DIRECTORATE ON CORRUPTION AND ECONOMIC OFFENCES (DCEO),

KINGDOM OF LESOTHO

COUNTRY REPORT TO THE 10TH ANNUAL GENERAL MEETING OF THE SOUTHERN AFRICAN FORUM AGAINST CORRUPTION, MASERU, LESOTHO

21 – 27 OCTOBER, 2012

INTRODUCTION AND BACKGROUND

A MESSAGE OF APPRECIATION

The Kingdom of Lesotho wishes to acknowledge her honour and privilege for having been accorded the opportunity to host the 10th Annual General Meeting of the Southern African Forum Against Corruption (SAFAC AGM). All member countries are very warmly welcomed and we hope all delegates find the stay most fulfilling. Read More

Swaziland Country Report 2012.

The government and the Kingdom is committed to moving forward in the effort to curb or fight corruption as it is a signatory to three regional instruments on corruption such as the United nations Convention Against corruption (UNCAC). The conventions provide a strategic guidance on international and national anti-corruption approaches that could be adopted by countries. Swaziland recognized Article 5(1) of the UNCAC that which stipulates that “Each State Party, shall in accordance with the fundamental principles of its legal system, develop and implement or maintain effective, coordinated anti corruption policies that promote the participation of society and reflect the principles of rule of law, proper management of public affairs and public property, integrity, transparency, and accountability.

The good long term relationship between Swaziland and the United Nations Development Programme has seen Swaziland engaging the services of a consultant to draft a National Anti- Corruption Policy that is at its final stages now. The document is an outcome of extensive analysis of the corruption issue in Swaziland sourced from a wide consultation and views from stake holders in the public and private and civil society sectors including the media. The policy considers the fight against corruption in three sectors, the legal Frame work, Institutional Framework and The Social Framework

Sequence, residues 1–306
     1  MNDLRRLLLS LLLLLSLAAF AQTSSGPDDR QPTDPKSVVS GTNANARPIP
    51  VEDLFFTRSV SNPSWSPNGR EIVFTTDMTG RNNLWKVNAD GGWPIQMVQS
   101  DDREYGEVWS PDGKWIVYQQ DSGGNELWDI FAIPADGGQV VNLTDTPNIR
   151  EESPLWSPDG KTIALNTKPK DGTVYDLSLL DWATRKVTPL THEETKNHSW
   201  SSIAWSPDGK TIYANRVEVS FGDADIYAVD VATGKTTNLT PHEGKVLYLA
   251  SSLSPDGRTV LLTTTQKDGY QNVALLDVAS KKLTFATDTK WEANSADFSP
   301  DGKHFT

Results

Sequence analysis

Mozambique Country Report 2012

Report to the SAFAC’s 2012 Annual General Meeting

Under the Law No. 14/2012, of February 8, the Anti-Corruption Bureau is an organ of the Public Ministry which has the functions of prevention and combat of crimes of corruption, embezzlement, illicit economic participation and related. It is headed by a director.

The institution is subordinated to the Chief Attorney General of the Republic and comprises in its organic structure the areas of prevention, investigation, prosecution and criminal action, a registry, as well as the administrative services.

 At the provincial level there are three additional Provincial Anti-Corruption Bureaux in Nampula, Sofala and Inhambane, being the first with enlarged competences in the respective areas of jurisdition, which are the Center and the North for the first two, and the last with jurisdiction in the respective province.

The fight against corruption remains one of the major challenges for the whole Mozambican people and to the Government. In this field, we did very much and still to do.

By this way the Assembly of the Republic approved the 2010-2014 5-Year Programme of the Government of Mozambican, which includes and focusing on preventing and combating corruption. Read More